Regulatory Humility

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In a recent address, Chairman Ajit Pai stressed this as one of four “foundational principles” that guide his FCC in encouraging the development of new technologies and high-speed networks. Speaking before the 18TH annual Global Symposium for Regulators in Geneva, Switzerland, he summarized how the Commission deals with emerging technologies and networks.
“Regulatory humility,” he said, entails the government’s restraint from micromanaging, “or more accurately, (to) try to micromanage—their future.” He expressed a “strong belief…that government should resist pre-emptive regulation when there is no market failure or consumer harm. One should not broadly regulate based solely on anticipation. Regulatory humility also means that government shouldn’t pick winners and losers in the marketplace.”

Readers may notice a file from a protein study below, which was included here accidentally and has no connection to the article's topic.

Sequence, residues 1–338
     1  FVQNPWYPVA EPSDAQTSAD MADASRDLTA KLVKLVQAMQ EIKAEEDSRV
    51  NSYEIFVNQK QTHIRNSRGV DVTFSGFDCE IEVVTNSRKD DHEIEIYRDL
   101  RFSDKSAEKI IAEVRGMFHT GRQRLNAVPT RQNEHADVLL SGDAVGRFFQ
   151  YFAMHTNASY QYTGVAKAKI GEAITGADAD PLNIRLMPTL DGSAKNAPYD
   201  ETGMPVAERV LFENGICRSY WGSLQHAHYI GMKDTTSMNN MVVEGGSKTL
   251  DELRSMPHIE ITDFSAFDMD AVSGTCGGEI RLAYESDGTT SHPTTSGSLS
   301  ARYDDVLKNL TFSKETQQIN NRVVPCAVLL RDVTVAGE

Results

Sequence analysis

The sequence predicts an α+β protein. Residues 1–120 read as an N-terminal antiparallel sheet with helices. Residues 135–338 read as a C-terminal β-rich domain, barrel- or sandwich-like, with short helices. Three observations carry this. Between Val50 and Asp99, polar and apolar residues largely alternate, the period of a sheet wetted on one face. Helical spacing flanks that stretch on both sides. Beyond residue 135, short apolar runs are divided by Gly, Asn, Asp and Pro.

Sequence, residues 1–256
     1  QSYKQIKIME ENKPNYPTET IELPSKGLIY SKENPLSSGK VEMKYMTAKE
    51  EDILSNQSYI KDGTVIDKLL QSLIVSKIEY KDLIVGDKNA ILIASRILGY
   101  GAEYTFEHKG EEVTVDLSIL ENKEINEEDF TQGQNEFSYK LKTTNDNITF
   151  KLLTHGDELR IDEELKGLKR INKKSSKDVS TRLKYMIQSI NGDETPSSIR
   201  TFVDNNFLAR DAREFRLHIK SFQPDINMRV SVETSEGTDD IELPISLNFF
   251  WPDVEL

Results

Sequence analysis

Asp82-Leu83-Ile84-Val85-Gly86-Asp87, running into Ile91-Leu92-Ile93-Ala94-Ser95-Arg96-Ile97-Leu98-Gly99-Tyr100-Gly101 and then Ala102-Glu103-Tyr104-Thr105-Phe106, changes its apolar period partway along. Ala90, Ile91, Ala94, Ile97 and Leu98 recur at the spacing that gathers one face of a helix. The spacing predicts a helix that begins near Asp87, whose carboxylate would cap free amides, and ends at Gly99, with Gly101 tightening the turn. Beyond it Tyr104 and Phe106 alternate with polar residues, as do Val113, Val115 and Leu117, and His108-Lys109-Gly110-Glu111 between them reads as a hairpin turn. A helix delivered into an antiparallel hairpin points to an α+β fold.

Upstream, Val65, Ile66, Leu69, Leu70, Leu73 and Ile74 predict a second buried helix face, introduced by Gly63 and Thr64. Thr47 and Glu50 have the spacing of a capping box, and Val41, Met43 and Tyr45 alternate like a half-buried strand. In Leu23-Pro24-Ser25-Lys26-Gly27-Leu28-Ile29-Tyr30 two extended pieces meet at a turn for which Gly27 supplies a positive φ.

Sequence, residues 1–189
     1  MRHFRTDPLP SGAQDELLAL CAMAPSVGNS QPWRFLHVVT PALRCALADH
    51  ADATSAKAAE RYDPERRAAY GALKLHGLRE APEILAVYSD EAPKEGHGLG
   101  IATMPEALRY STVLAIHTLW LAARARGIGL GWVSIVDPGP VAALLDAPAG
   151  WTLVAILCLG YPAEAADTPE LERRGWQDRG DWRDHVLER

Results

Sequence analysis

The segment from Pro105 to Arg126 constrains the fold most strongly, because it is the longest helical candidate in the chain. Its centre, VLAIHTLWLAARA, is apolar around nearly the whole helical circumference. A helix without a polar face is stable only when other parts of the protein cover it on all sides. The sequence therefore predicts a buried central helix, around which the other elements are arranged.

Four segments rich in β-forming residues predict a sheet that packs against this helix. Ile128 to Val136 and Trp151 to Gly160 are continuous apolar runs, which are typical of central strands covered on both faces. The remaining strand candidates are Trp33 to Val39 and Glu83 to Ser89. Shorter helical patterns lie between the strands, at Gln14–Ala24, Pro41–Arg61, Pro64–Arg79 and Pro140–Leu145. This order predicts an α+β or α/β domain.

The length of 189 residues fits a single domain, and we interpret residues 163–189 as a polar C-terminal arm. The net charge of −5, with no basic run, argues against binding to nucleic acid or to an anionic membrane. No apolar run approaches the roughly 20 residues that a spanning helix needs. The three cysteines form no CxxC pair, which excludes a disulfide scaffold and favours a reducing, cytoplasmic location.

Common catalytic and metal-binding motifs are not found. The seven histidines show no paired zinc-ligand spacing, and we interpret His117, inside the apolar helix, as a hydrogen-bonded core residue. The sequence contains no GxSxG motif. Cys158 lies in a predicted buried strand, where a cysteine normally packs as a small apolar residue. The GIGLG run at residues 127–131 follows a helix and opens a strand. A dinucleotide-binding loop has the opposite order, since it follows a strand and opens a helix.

Facilitation, he said, rather than frustration, should be a second guiding principle in fostering innovation and investment. “That’s why the FCC has launched an across-the-board review to identify regulations that need to be revised or repealed altogether. In particular, we’re cutting regulatory red tape that holds back infrastructure deployment.”
Chairman Pai pointed to innovation, “by freeing up spectrum for wireless services and making it available for flexible use,” as the third prong in his regulatory approach toward promoting new and developing technologies and networks. He said that listing the many ways the Commission is “making low-band, mid-band and high-band spectrum available…would eat up more than the remainder of my (speaking) time.”
So, with time to finish his presentation, he named universal access as his fourth key to the development and deployment of emerging technologies, stating that his “top priority as FCC Chairman has been making sure that every American can benefit from the digital revolution.”
We cannot agree more.